Here’s a quick rundown of what you’ll need and how to make these corn muffins. If you’re ready to jump in, you can find the full, detailed recipe at the end of this post.
Equipment You’ll Need:
- Measuring Cups & Spoons
- Mixing Bowls
- Hand Mixer (for whipping the aquafaba)
- Rubber Spatula
- 12-Cup Standard Muffin Tin
- Regular-sized Paper Baking Cups (optional)
- Non-Dairy Milk
- Apple Cider Vinegar
- Aquafaba (the liquid from one can of chickpeas)
- Granulated Cane Sugar
- Extra Virgin Olive Oil (or another oil of your choice)
- Bob’s Red Mill Gluten-Free 1-to-1 Baking Flour
- Corn Meal, finely ground (not coarse and not corn flour)
- Fresh Thyme Leaves
- Baking Powder
- Baking Soda
- Sea Salt, finely ground
- Elderberries, fresh or frozen, not dried (sub another blueberries if desired)
- Preheat the oven and prepare your pan. If using, line your muffin tin with paper baking cups. If not using paper baking cups, lightly oil the insides of the cups.
- Make the vegan buttermilk. Combine the non-diary milk with the apple cider vinegar. Stir and set aside while you prepare the rest of the recipe.
- Whip the aquafaba. Use a hand mixer to whip the aquafaba until light and fluffy. Then add in the sugar in increments, whipping on high until soft peaks form. Set aside.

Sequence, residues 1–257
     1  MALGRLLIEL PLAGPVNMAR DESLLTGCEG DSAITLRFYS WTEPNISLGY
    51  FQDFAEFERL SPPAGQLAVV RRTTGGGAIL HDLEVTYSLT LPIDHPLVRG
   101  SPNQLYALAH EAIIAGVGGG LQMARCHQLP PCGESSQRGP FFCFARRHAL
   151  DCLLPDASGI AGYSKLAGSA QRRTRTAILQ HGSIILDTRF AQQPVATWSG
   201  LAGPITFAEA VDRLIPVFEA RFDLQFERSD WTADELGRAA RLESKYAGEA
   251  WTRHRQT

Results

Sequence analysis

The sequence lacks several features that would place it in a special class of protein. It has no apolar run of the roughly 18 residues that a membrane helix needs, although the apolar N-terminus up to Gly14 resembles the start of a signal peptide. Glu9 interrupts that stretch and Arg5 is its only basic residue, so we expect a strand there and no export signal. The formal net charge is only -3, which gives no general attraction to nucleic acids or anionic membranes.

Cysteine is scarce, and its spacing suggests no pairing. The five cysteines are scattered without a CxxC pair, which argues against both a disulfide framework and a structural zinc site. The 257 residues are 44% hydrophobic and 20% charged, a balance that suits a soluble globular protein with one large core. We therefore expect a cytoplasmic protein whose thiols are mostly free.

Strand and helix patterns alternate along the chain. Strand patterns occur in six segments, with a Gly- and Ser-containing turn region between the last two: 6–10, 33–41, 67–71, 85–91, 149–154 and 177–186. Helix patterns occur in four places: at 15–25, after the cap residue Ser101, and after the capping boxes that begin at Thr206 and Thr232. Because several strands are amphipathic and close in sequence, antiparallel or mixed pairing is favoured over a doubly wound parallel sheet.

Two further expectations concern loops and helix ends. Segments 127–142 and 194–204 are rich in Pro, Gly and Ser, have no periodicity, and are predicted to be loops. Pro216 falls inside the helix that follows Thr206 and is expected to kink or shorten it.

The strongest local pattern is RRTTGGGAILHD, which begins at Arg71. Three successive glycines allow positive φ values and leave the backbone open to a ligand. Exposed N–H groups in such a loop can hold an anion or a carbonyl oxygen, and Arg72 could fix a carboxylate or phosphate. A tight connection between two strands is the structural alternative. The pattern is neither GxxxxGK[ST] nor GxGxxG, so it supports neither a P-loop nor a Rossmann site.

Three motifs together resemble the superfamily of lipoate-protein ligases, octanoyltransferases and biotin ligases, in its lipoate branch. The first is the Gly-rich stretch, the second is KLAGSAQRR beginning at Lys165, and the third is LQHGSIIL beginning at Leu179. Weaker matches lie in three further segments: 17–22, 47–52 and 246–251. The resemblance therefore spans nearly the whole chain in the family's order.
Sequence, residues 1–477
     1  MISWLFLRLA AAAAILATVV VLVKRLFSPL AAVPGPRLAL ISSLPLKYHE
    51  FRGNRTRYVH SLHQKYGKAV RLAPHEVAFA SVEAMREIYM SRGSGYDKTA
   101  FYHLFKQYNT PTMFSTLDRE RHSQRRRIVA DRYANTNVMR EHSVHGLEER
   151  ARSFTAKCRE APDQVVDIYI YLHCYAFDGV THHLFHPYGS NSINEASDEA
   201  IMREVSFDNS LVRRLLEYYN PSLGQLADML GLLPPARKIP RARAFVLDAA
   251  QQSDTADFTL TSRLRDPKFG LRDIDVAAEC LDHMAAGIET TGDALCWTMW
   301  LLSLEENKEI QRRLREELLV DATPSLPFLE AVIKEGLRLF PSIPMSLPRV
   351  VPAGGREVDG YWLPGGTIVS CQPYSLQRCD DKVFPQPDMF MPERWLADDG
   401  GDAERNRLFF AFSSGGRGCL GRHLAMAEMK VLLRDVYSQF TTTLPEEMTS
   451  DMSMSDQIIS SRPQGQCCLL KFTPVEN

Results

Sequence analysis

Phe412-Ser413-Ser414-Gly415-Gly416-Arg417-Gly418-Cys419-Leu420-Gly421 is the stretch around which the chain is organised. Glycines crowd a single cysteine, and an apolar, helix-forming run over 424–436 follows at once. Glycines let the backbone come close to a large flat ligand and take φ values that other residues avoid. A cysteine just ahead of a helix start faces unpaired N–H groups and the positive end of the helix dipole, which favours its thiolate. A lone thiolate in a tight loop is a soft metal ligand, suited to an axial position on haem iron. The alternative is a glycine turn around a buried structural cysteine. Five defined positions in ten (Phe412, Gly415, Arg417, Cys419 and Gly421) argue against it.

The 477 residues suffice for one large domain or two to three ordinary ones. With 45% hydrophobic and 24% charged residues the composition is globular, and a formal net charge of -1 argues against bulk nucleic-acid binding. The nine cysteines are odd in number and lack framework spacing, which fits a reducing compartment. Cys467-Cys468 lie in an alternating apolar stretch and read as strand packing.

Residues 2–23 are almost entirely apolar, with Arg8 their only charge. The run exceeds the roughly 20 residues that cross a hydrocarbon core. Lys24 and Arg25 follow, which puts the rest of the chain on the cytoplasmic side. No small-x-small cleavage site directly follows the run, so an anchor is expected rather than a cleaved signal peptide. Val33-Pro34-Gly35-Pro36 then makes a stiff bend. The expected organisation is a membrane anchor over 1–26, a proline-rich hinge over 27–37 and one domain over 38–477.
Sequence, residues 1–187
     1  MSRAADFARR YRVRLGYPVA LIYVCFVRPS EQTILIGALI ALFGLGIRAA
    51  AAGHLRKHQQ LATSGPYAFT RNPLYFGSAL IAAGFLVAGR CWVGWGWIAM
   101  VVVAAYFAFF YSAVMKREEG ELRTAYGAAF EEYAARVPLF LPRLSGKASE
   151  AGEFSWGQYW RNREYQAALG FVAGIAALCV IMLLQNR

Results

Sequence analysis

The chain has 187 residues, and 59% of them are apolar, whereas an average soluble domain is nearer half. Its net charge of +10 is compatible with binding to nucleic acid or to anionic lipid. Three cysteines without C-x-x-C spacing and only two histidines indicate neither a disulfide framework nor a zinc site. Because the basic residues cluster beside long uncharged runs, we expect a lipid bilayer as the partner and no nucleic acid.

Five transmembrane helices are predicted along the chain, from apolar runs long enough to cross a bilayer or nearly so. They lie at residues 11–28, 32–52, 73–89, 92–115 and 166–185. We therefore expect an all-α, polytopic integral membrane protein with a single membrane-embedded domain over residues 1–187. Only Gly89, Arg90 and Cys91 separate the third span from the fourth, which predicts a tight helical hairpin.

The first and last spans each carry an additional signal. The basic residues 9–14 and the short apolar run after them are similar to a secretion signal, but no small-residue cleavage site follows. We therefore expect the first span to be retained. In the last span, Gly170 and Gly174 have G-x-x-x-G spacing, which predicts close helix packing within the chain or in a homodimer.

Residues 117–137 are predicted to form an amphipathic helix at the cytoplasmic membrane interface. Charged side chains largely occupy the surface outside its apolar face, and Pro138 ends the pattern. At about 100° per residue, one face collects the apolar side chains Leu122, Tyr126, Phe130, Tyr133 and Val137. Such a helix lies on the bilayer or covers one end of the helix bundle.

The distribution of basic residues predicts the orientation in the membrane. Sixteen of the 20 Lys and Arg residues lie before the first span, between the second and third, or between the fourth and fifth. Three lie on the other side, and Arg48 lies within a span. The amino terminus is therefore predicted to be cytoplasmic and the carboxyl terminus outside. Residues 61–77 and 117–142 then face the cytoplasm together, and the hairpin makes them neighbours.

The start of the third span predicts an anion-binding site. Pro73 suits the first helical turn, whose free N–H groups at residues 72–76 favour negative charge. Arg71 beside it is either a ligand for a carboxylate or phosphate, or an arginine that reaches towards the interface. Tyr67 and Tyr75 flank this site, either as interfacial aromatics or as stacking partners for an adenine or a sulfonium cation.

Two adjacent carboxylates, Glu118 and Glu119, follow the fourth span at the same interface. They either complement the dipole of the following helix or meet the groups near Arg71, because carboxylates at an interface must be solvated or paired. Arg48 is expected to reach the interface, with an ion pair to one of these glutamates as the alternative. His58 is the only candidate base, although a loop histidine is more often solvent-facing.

- Make the batter. In a mixing bowl, combine all dry ingredinets together, then stir in the fresh thyme and elderberries. Create a well in the center of the dry ingredients. To the well, pour in the vegan butter milk you’ve set aside and the oil. Combine until all the ingredients are just incorporated.
- Fold in the whipped aquafaba. Use a rubber spatula to gently fold in the whipped aquafaba just until incorporated.
- Fill the muffin tin and bake! Divide the batter evenly between the 12 muffin cups.
What’s the difference between cornbread and corn muffins?
You know, there’s not a big difference between cornbread and corn muffins. Cornbread is typically baked in a castiron pan or in sheet pans and then cut into squares. Typically it’s less sweet than corn muffins.
Whereas corn muffins are obviously baked in muffin tins and tend to be a little more dessert-like. But this isn’t always the case, just a general observation.